5. If Scotland became independent, would some insttutons
drop down the world rankings and would Scotland lose out
in the innovaton stakes?
Mr Macilwain said that some small natons do extremely
well, citng the example of Switzerland and Singapore both
prime locatons for postgraduate students. We won't
disappear from the internatonal map, he added. Professor
Hawkesworth asked what Scotland aspires to and pointed
out that Switzerland allocates much larger funds than
Scotland would be able to aord.
6. There appear to be advantages on both sides of the
argument. On the one hand, we gain from the critcal mass
of the larger UK, and on the other hand we gain from the
idea that small is beautful. Scale isn't everything, however,
and the debate needs to go beyond these issues. Too many
people take the positves and turn them into negatves.
Scotland is successful at the moment in winning research
funds, and if it contnues to be properly funded, we'll contnue
to compete, whether we become independent or not.
The critcal queston is to argue about the positve atributes
of the UK, instead of paintng a picture of Scotland in trouble.
The evidence does not support that. The UK has value and
the various parts of it working together have value, and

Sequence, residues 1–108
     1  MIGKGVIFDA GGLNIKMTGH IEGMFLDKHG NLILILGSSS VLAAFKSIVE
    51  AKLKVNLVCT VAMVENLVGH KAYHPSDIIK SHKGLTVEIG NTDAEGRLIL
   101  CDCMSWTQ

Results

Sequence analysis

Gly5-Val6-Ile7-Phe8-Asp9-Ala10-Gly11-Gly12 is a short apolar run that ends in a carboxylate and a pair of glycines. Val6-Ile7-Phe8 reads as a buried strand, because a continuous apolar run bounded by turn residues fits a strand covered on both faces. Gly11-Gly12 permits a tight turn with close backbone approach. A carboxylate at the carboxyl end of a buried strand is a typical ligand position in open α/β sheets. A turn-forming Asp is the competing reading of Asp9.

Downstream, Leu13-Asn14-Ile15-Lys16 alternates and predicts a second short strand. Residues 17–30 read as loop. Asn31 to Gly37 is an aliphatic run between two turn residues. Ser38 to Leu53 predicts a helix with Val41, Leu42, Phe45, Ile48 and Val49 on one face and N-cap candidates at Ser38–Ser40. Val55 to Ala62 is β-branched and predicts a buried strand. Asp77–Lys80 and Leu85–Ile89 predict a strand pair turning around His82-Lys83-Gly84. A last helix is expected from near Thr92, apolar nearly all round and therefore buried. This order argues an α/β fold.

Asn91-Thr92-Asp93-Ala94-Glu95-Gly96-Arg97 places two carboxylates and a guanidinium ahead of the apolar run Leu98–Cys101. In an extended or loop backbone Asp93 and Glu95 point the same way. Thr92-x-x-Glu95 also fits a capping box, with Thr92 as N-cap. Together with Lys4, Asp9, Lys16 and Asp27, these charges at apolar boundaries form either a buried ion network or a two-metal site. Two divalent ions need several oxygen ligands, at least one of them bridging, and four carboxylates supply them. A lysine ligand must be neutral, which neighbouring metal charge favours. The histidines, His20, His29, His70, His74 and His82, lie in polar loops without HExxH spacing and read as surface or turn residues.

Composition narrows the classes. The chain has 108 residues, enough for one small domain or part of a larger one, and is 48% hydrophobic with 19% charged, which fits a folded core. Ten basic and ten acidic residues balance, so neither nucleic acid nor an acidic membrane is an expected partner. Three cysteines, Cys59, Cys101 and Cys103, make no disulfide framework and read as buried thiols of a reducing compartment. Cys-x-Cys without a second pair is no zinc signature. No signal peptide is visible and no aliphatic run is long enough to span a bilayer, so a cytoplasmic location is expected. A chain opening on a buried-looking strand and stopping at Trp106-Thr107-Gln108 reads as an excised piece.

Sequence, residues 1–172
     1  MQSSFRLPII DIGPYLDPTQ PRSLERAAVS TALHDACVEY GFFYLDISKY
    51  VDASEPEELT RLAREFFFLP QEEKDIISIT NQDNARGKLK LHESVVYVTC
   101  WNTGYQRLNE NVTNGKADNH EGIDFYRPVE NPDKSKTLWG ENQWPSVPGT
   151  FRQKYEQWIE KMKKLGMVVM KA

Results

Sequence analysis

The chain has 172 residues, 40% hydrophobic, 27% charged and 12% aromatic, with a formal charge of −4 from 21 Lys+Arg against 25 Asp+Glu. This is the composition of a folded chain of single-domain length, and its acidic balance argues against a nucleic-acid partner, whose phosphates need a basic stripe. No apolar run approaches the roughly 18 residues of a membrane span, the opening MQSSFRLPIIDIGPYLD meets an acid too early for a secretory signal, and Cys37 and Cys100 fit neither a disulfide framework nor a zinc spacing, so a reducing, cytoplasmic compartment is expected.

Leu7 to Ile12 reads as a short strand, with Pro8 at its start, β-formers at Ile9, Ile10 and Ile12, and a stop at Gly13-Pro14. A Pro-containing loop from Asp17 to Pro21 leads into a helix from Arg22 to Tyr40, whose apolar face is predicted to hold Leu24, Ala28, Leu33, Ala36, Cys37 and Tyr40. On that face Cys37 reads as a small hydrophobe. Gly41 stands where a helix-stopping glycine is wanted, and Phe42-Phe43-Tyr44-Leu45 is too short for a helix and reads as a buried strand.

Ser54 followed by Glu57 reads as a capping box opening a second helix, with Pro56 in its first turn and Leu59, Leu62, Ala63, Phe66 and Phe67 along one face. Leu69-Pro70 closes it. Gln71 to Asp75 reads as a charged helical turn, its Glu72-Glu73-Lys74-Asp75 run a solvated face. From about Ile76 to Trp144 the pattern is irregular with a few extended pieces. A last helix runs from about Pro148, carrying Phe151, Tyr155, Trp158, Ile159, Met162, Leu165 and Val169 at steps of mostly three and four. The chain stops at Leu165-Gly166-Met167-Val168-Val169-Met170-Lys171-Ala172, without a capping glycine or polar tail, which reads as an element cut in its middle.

Scotland should be seen as a valuable player in that system.
The emphasis on positves contnued, with another comment
highlightng the invigoratng eect of devoluton and the
positve benets of being part of the UK, suggestng the
invigoraton could contnue, with Scotland enjoying the best
of both worlds. Scotland should promote itself internatonally
in terms of its distnctveness and as a back door to the UK
and Europe. Devoluton is a process which is stll going on,
and was also a soluton to overcentralisaton in the UK,
which was bad for all its individual parts. To walk away from
that and centralise everything again within an independent
Scotland would be a backward step.
This led to a later comment describing the benets of
centralisaton in certain areas such as public health, with
dierent agencies working together for the common good in
one central organisaton. Perhaps this should encourage
more links with England, rather than the opposite.